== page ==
The Nissan Frontier has much to teach the other makes as far as what can be accomplished with a V6 power plant. The horsepower and towing capacity of the Frontier are very strong and would accomplish most tasks an owner would need to complete. The problem with the Frontier, though, is that it has lower or equal fuel efficiency to the majority of the full-size trucks on the market. That along with the large price tag is enough to push buyers to take another look at the full-size market.
The Tacoma does Toyota proud in a long line of small truck success. Although they could do a bit more to improve fuel efficiency, the Tacoma has great payload, towing, and even has some great interior packages.
Small Truck Comparison
So there you have it. The small and midsize trucks are compared. Which one do you prefer? Which one do you drive? Feel free to let me know what questions you have that I have not answered above. And please leave your comments regarding the small or midsize trucks of 2012 being respectful of the comments of others.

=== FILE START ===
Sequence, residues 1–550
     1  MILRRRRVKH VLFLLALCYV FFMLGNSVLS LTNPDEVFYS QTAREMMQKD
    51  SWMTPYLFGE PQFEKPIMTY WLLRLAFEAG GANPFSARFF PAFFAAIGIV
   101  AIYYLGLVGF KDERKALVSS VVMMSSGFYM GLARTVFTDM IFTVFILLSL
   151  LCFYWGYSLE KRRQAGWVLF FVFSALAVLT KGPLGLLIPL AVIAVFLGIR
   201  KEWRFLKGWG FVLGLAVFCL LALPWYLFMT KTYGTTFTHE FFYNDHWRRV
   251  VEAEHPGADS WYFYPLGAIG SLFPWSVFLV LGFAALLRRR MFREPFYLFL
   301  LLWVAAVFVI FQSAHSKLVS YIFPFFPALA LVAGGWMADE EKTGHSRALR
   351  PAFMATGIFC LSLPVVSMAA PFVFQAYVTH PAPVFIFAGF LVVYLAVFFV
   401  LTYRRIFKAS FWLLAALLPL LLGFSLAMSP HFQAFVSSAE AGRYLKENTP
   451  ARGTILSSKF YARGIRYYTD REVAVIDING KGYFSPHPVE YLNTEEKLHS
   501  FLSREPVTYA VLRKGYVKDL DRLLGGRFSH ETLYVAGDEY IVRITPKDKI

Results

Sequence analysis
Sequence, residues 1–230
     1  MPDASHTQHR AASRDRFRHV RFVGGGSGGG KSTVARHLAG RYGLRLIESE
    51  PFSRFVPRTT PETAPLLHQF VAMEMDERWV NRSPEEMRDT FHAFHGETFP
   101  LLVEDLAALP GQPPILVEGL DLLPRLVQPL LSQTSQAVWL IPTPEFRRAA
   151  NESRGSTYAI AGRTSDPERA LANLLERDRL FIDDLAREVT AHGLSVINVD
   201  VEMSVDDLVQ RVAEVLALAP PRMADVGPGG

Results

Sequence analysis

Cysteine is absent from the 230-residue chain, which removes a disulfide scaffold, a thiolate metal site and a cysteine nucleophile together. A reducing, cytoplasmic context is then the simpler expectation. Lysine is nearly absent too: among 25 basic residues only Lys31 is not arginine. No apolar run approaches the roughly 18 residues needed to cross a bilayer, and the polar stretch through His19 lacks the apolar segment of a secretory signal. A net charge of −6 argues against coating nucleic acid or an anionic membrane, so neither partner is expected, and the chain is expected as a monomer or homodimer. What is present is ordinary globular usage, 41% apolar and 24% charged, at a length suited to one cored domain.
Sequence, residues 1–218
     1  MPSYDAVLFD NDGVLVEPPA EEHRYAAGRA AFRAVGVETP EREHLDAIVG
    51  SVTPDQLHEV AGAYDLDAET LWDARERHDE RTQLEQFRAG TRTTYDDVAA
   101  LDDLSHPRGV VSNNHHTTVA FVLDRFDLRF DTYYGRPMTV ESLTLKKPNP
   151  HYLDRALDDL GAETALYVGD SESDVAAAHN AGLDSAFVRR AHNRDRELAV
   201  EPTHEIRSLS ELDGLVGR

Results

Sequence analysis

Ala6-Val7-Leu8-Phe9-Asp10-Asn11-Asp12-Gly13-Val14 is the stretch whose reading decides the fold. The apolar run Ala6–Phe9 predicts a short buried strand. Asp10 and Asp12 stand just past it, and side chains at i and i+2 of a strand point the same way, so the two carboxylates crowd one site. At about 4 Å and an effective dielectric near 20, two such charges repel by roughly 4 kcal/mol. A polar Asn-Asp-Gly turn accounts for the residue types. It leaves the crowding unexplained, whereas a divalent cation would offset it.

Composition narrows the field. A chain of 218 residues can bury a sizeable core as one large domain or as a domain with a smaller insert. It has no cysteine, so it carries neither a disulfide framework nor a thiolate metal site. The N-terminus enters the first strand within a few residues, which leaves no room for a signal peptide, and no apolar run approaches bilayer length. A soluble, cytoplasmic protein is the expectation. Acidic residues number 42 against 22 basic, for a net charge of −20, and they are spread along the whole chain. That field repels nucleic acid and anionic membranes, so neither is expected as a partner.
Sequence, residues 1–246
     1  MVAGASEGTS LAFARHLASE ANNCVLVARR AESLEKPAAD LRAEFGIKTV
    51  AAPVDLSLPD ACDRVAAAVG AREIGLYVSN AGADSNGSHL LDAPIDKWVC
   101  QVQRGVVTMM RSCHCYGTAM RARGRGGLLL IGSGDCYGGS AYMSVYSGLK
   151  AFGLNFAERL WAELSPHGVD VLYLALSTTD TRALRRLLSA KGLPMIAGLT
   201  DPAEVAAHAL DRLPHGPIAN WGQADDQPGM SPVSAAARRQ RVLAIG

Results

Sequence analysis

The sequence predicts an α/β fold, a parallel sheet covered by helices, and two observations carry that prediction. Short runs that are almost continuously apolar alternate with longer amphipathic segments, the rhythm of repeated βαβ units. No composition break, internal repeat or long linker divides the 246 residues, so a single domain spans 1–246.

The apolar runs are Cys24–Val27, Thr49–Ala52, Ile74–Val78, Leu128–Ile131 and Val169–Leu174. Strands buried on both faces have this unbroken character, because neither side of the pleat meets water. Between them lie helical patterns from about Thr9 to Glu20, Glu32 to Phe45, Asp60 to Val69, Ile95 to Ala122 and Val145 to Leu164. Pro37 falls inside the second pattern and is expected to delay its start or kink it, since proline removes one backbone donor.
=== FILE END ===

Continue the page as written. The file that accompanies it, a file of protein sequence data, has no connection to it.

This article is accurate and true to the best of the author’s knowledge. Content is for informational or entertainment purposes only and does not substitute for personal counsel or professional advice in business, financial, legal, or technical matters.